The last component gives the list of existing variants and adaptation methods that can be used to adapt the document instance. Each adaptable resource (variant or method) can be associated with a value, neg:ResourceAdaptabilityValue, that indicates its adaptability level and which can be used in the content negotiation strategy applied by the server. The detailed description of an adaptable resource, i.e. the profile, is cited in the document instance profile as a link. Note that if many documents share the same instance profile, the instance profile can be stored once and in this case we speak about a document profile and not a document instance profile.

B.2 Resource Profile: This profile is similar to the client resource profile. It completes the description of the document instance profile, for a single or many documents. The profile includes two components:

The last component plays exactly the same role as the adaptable resources description component of the document instance profile. The entity considered here is the resource used by the document instance and not the document itself.

B.3 Adaptation Method Profile:

This profile includes two components:

The last component describes the capabilities of the adaptation method in terms of input requirements and output description.

Our schema model stills extensible to add new elements and information in order to offer a complete description about the utile information that can be used in the content negotiation. Among the future steps of this work, will be to include the definition of the network profile and to define the manner of processing it in the negotiation strategy used by the server.

5 An implemented Negotiation and Adaptation Architecture

We have implemented "NAC" a Negotiation and Adaptation Core for heterogeneous multimedia systems [3]. Actually we are extending the core to support the handling of different profiles that belong to the defined schema.

NAC includes different entities:

1) A Negotiation module: responsible to determine the best variant to deliver or the kind of the adaptation which must be applied on the original requested document.
2) An adaptation module: responsible to apply a well determined adaptation method and can be enriched at any moment by new methods. Among the adaptation methods that we use, we find XSLT style sheets (ex. XHTML to WML, XML to Latex), transformation programs (ex. text to speech) and direct adaptation methods (ex. SMS message senders).
3) The UCM: The User Context Module is responsible to interact with the server in order to communicate the client capabilities and preferences. Since clients in the heterogeneous environment have limited capabilities, the module is designed to achieve the minimal set of required operations. Actually we have developed a variant of the UCM module for Pocket PCs. A complete architecture must include such module in all the devices that exist in the environment.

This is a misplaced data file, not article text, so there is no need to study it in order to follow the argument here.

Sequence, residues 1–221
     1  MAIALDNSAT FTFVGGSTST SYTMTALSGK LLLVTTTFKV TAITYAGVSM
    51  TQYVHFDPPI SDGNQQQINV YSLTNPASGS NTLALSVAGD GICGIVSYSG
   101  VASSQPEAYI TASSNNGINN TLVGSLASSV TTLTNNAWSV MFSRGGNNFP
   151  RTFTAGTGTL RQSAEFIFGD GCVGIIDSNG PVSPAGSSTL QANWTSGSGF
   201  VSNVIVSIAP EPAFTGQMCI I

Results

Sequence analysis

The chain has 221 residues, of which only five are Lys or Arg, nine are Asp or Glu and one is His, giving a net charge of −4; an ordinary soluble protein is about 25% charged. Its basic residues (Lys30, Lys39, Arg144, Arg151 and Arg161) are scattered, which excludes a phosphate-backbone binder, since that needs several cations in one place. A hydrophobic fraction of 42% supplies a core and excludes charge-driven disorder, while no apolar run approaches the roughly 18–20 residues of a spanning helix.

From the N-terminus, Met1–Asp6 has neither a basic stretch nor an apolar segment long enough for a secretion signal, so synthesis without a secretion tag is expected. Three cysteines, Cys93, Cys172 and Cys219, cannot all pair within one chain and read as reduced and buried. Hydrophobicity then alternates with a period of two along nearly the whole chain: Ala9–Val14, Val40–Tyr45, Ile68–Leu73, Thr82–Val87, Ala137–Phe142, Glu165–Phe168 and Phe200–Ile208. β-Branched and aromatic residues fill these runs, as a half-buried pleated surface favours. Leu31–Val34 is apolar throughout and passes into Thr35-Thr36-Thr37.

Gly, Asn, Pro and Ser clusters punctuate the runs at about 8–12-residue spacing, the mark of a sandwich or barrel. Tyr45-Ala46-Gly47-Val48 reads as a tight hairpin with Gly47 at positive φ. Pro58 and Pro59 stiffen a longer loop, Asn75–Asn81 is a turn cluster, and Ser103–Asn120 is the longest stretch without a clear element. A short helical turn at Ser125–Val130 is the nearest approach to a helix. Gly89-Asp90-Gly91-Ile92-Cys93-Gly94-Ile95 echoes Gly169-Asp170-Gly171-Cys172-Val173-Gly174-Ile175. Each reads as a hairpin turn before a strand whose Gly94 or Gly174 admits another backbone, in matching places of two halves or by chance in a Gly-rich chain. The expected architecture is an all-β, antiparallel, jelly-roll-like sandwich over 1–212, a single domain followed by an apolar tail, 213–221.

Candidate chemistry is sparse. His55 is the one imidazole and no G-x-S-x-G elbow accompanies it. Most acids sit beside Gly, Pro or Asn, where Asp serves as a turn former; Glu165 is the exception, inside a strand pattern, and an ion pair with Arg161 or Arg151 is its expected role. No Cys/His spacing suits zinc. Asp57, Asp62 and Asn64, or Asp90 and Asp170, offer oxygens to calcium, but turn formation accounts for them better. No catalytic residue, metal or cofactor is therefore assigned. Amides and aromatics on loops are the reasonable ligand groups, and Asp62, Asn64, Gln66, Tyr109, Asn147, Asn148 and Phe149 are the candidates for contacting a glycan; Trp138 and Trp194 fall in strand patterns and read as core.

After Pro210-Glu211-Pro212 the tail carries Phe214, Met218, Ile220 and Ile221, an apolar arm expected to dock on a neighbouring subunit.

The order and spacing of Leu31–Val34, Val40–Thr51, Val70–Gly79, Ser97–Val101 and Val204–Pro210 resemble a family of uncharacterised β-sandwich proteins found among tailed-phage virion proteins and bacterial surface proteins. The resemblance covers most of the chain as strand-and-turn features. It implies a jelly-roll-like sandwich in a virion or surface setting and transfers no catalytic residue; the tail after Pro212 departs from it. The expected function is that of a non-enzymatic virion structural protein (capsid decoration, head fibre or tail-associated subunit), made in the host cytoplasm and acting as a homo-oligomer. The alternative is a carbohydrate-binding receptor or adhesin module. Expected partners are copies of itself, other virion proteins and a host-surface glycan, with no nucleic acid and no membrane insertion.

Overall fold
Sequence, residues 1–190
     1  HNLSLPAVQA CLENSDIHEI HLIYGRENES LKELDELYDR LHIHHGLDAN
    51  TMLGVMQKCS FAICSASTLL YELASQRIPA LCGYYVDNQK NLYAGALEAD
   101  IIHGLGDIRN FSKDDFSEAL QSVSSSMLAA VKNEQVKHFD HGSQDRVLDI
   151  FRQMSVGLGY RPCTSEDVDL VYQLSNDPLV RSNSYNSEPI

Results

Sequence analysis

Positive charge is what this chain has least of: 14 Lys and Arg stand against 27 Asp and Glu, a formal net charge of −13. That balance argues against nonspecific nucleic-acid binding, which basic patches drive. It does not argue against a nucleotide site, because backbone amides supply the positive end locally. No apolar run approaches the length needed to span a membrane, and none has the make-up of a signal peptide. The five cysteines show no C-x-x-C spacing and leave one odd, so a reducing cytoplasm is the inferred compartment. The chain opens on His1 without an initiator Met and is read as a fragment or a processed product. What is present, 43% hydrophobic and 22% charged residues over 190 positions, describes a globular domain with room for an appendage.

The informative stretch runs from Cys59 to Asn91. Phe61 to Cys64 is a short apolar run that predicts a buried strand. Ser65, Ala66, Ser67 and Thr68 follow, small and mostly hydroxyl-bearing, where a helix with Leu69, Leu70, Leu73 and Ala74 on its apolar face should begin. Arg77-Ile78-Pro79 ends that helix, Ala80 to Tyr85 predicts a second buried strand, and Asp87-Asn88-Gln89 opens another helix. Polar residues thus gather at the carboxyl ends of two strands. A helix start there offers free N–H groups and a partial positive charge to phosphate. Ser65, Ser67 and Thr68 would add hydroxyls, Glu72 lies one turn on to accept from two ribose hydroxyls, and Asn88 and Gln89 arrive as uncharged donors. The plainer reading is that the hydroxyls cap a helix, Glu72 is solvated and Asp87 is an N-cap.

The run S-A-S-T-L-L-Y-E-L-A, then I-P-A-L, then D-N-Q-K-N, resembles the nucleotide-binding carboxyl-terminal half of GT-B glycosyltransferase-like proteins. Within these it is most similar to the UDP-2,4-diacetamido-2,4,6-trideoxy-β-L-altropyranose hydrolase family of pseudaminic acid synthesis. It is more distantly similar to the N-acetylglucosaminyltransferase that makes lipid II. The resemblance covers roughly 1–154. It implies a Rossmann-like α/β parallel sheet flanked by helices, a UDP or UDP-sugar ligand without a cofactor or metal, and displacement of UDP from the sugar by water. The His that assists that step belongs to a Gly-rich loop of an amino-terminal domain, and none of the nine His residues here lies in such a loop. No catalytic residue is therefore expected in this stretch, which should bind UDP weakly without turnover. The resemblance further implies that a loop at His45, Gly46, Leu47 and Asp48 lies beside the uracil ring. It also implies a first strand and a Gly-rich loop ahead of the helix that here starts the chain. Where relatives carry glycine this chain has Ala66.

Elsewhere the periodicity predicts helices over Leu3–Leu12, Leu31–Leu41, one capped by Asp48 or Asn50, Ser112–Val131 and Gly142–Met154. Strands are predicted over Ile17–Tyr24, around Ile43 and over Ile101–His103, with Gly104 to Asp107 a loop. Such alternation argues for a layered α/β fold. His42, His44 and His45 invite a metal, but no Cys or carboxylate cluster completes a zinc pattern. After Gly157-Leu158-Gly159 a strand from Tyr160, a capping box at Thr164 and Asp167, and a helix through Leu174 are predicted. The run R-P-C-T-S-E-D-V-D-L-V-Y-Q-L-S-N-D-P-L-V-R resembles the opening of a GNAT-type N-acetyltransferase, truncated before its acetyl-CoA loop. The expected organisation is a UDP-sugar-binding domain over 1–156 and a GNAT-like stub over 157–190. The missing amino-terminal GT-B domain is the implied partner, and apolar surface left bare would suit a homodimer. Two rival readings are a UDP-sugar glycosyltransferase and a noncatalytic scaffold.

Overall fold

4) Players and users contexts listeners: this component of the architecture interacts directly with client players and UCM modules to process their requests. Listeners can be executed on the server side or on an intermediate proxy.

The implemented architecture must be ameliorated to support a large set of constraints that concerns the use of services. An advanced vocabulary of negotiation- related constraints must be well defined in the profiling schema.


1. Tayeb Lemlouma, Nabil Layaïda, A Framework for Media Resource Manipulation in an Adaptation and Negotiation Architecture, OPERA Project, INRIA Rhône Alpes, Agust 2001 http://www.inrialpes.fr/opera/people/Tayeb.Lemlouma/Papers/RSRS.pdf
2. W3C, Composite Capabilities / Preferences Profiles, http://www.w3.org/TR/CCPP-struct-vocab/
3. Tayeb Lemlouma, Nabil Layaïda, NAC: A Basic Core for the Adaptation and Negotiation of Multimedia Services, OPERA Project, INRIA Rhône Alpes, September 2001 http://www.inrialpes.fr/opera/people/Tayeb.Lemlouma/Papers/ANegoP.pdf
4. W3C, Resources Description Framework, http://www.w3.org/RDF
5. Tayeb Lemlouma, Nabil Layaïda, The Negotiation of Multimedia Content Services in Heterogeneous Environments, 8th International Conference on Multimedia Modeling. Amsterdam, 5-7 November 2001, http://www.inrialpes.fr/opera/people/Tayeb.Lemlouma/Papers/MMM2001.pdf
6. Tayeb Lemlouma, Nabil Layaïda, Universal Profiling Schemas http://www.inrialpes.fr/opera/people/Tayeb.Lemlouma/NegotiationSchema/index.htm
7. Tayeb Lemlouma, Nabil Layaïda, Universal Profiling Schema for Content Negotiation, OPERA Project, INRIA Rhône Alpes, January 2002 http://www.inrialpes.fr/opera/people/Tayeb.Lemlouma/Papers/UniversalProfilingSchema.pdf
8. WAP Forum, WAG UAProf version 20-Oct-2001, http://www1.wapforum.org/tech/documents/WAP-248-UAProf-20011020-a.pdf
9. W3C, Extensible Markup Language (XML) 1.0, W3C Recommendation: http://www.w3.org/TR/1998/REC-xml-19980210 , 10 February 1998.
10. W3C, XSL Transformations (XSLT), Version 1.0, http://www.w3.org/TR/xslt W3C Recommendation November 16th, 1999